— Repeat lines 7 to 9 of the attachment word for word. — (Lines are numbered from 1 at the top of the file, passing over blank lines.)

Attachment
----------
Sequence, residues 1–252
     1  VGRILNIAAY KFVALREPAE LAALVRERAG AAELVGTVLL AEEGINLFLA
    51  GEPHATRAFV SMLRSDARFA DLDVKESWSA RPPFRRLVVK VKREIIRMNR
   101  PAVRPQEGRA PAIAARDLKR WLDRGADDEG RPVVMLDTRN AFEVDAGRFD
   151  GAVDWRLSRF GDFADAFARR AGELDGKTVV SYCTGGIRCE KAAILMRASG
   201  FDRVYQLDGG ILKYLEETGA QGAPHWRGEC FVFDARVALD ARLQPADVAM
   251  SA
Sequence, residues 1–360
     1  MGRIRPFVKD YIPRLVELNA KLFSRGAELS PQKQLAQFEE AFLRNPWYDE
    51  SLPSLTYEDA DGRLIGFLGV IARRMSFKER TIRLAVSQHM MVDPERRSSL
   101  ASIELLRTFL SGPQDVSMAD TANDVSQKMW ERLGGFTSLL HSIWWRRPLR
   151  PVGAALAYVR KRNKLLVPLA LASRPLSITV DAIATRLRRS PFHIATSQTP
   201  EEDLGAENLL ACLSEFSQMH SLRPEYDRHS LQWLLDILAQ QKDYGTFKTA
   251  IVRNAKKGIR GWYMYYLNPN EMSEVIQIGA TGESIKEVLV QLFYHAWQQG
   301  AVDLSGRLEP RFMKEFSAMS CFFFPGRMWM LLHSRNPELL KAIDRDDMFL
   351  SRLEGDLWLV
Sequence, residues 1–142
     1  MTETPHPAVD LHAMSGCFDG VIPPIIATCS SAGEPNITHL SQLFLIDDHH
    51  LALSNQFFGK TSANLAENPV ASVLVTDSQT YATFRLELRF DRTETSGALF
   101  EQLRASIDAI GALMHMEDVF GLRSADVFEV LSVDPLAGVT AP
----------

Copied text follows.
   251  SA
Sequence, residues 1–360
     1  MGRIRPFVKD YIPRLVELNA KLFSRGAELS PQKQLAQFEE AFLRNPWYDE